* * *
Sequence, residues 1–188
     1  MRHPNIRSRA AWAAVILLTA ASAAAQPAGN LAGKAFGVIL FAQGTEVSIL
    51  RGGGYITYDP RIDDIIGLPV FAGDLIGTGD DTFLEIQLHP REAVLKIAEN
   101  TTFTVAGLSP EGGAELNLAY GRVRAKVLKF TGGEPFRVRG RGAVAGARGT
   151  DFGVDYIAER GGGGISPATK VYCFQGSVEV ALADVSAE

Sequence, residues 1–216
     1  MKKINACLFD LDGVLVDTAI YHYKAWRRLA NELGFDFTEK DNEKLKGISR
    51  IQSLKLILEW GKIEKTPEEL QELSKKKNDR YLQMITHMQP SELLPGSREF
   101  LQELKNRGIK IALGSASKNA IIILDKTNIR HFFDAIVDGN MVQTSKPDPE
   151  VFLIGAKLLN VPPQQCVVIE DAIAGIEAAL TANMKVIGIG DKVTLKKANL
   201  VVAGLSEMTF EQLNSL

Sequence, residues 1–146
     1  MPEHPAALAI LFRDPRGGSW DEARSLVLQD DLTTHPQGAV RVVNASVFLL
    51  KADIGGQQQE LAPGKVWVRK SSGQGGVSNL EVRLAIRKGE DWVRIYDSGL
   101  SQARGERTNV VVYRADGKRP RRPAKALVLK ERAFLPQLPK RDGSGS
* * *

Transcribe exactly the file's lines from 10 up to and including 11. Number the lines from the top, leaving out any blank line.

   151  VFLIGAKLLN VPPQQCVVIE DAIAGIEAAL TANMKVIGIG DKVTLKKANL
   201  VVAGLSEMTF EQLNSL